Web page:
Soon after President Obama in his 2010 State of the Union Address challenged the U.S. to double its exports by 2015, he unveiled a program focusing on three areas to help get there: marketing support for small to medium-sized enterprises, or SMEs, the reform of export controls and the enforcement of existing trade agreements.
Working within a self-imposed five-year timeline, the president then formed an Export Promotion Cabinet and Trade Promotion Coordinating Committee to guide what he called the National Export Initiative.
Since then, several agencies have come together to formulate export-oriented business objectives and implement specific trade promotion tactics. In a joint effort to give SMEs the help they need, the government has done a good job of integrating entities that include the Export-Import Bank, the Department of Commerce and the Small Business Administration.
Their combined achievements include enhancements to the Export Assistance Web Portal, a “Take Your Business Global” educational series, trade missions and training on how to access financing.
With U.S. exports up 17 percent since the NEI began, it seems efforts to foster international trade are bearing fruit. While a reasonable assumption, if the goal of the program is to help SMEs sell more goods overseas, much work remains to be done.
Most notably, when one nets out the value of agricultural exports from large corporations, shipments by multinationals and the ever-present boost from foreign military sales, it’s clear the outbound numbers from SMEs aren’t as big as they could be. Although job growth among fledgling exporters has increased, the facts indicate there is huge potential for expansion in what is still an underdeveloped segment of the economy.
The government should be commended for promoting trade, but Uncle Sam can’t go it alone. The simple reality is that for SME-driven exports to impact job creation, the entire shipping community will have to get behind the NEI. In that context, it’s incumbent upon U.S. third-party logistics providers to not just move the goods being sold today, but to provide pro bono services that make it easier for SMEs to find new customers in the markets of tomorrow.
Anyone involved with international business knows the trick to going global is finding motivated buyers who pay their bills. The hardest part of doing that is freeing up the time and money needed to not only travel to faraway lands, but also to adapt products to local tastes, price points, languages and regulations.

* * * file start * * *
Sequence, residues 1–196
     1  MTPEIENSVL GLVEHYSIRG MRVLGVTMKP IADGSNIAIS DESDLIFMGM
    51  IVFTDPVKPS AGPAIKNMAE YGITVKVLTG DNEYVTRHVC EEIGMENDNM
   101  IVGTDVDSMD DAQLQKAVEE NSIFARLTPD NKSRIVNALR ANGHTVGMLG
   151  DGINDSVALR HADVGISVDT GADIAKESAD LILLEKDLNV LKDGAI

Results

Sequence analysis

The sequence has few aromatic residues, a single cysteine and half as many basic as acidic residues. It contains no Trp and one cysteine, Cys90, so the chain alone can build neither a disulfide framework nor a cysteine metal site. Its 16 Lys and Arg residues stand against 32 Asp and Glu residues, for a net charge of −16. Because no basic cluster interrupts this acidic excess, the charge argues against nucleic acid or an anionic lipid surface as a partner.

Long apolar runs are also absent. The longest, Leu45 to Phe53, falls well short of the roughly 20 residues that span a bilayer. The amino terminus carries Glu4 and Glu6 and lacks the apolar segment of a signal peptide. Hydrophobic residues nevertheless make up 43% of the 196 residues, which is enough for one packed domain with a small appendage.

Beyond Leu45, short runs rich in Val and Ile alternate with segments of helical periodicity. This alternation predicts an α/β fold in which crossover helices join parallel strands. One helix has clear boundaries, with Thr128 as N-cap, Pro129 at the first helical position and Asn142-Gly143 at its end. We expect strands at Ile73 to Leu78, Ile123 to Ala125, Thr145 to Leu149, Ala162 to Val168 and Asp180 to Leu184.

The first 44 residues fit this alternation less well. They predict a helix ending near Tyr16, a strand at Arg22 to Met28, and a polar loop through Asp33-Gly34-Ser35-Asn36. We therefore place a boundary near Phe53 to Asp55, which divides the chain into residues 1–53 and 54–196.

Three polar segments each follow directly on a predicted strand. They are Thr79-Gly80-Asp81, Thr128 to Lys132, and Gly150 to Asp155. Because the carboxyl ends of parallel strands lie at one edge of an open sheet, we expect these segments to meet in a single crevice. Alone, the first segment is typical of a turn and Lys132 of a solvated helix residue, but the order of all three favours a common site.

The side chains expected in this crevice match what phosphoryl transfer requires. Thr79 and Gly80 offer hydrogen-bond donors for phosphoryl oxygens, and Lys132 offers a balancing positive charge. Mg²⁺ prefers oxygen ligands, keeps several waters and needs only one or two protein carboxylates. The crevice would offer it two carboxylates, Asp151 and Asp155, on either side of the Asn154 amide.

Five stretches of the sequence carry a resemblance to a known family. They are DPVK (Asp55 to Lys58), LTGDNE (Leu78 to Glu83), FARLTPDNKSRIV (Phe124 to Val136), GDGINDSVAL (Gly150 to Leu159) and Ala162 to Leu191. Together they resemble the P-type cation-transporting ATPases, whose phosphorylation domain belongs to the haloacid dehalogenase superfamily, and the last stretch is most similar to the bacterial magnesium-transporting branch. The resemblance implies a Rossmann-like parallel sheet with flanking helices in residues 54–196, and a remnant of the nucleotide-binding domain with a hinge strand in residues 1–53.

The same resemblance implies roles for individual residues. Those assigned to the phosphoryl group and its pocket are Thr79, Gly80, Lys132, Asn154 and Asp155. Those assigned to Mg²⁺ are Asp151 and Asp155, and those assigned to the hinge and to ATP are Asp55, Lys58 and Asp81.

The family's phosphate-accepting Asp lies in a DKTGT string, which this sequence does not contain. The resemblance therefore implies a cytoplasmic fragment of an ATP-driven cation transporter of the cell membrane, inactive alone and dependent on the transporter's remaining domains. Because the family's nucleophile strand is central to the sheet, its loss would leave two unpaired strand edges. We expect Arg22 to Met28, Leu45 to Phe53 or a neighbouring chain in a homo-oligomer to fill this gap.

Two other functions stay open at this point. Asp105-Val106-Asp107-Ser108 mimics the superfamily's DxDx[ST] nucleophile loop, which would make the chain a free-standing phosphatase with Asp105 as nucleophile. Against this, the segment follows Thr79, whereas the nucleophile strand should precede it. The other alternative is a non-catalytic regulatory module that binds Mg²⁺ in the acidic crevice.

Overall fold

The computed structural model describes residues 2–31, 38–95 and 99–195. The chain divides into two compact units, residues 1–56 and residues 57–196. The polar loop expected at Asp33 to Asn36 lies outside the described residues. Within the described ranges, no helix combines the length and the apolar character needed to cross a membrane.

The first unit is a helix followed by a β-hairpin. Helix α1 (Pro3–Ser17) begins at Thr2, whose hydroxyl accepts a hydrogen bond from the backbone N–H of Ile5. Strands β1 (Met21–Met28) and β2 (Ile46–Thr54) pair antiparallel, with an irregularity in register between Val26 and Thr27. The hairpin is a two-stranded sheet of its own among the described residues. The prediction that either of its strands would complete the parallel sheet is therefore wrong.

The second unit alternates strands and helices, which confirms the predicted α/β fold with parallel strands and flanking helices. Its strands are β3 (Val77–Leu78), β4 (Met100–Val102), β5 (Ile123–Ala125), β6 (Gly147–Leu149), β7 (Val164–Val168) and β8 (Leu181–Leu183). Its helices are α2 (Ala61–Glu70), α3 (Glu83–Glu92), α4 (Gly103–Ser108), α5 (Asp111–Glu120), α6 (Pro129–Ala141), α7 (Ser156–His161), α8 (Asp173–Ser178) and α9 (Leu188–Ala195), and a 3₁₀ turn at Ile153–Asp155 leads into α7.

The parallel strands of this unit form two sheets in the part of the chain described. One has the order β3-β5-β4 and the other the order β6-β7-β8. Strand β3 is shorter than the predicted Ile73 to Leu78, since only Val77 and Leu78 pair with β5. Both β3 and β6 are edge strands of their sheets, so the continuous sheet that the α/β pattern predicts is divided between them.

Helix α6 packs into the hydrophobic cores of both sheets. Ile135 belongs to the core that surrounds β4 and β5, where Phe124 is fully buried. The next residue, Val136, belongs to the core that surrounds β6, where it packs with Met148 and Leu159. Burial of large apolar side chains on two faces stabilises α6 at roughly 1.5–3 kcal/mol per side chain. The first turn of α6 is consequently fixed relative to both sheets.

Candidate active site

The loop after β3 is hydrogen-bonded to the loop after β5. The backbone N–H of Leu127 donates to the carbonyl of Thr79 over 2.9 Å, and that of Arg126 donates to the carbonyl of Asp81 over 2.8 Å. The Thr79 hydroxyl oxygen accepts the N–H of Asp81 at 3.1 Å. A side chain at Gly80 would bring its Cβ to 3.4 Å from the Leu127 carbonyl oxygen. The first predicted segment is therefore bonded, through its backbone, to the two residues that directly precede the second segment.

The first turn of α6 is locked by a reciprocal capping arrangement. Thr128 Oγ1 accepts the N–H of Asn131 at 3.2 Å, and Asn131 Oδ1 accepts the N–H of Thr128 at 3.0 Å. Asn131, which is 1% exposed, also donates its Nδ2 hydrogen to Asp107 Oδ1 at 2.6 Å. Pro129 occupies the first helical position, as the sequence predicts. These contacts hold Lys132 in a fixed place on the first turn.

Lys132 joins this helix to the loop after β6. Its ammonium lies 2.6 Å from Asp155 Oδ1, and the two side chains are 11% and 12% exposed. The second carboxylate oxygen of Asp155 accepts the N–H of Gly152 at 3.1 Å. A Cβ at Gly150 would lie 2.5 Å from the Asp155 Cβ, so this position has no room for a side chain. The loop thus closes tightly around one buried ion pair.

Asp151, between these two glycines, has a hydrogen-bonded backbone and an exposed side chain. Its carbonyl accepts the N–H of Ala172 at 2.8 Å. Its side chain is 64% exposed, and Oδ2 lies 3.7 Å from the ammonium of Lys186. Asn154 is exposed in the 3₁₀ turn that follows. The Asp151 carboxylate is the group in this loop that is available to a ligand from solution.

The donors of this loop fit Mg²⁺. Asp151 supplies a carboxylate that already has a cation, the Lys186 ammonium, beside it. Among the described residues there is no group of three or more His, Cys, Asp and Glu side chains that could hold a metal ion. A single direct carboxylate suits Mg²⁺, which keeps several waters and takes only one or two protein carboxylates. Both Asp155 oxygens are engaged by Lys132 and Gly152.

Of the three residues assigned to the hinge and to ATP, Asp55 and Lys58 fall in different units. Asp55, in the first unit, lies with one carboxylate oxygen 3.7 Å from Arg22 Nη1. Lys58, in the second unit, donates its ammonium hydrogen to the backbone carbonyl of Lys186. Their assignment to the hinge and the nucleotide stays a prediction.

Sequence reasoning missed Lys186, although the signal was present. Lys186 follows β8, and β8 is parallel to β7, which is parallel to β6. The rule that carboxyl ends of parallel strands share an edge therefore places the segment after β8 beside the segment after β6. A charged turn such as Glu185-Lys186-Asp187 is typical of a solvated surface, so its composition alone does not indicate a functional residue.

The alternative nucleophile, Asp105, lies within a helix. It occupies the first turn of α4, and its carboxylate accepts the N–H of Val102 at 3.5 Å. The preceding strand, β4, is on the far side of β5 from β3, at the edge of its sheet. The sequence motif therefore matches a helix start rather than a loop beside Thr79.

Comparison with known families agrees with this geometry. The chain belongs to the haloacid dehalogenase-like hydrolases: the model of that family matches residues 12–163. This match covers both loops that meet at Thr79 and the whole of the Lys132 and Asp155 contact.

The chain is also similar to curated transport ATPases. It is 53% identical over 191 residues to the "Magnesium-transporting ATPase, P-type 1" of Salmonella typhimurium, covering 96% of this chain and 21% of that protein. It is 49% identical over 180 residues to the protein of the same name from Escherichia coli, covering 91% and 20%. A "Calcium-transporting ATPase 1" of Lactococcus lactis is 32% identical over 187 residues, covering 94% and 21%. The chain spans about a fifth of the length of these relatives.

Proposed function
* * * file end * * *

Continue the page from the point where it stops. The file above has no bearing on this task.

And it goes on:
While a glamorous notion, the truth for SMEs is that the overall investment required to close an offshore deal is at least three times greater than when doing business domestically. By focusing on this alone, there’s plenty 3PLs can do to reduce the obstacles businesses encounter when venturing outside the United States.
First, there’s a legion of retired 3PL professionals who would be happy to provide free advice to nascent shippers. Whether they’re passing on a sales lead or explaining the cultural nuances of selling in Brazil, a forum should exist whereby patriotic retirees can share their knowledge with a new generation of exporters.
Those of us still in the trade also should come together to provide complimentary training on subjects such as Incoterms 2010 and Documentary Credits. 3PLs are experts on such topics, and access to this information would help shippers avoid the pitfalls that can derail an otherwise promising enterprise.
Once an exporter is ready to travel abroad, there’s even more 3PLs can do. How about something simple such as providing a corporate hotel rate or loaning a local-call-only cellphone to an American looking for clients in London?
Better yet, what if a 3PL started a “Guide & Ride” program that donates a car and driver for a half-day to U.S. executives on sales calls in Shanghai? Within their existing global network of offices, 3PLs might even consider reserving a desk and phone for U.S. exporters when they’re traveling abroad. It’s all basic stuff, but for a businessperson who’s never been overseas, it could mean the difference between failure and a vibrant export program.
There likely are 3PLs already engaged in many of these activities. If so, one can only wonder how much more effective they would be if a well-organized national program existed. Maybe it’s high time we come together and create one.
Dan Gardner is CEO of Ocean World Lines & RF International, a 2011 recipient of the President’s “E” Award for Export Service Excellence. Contact him at email@example.com.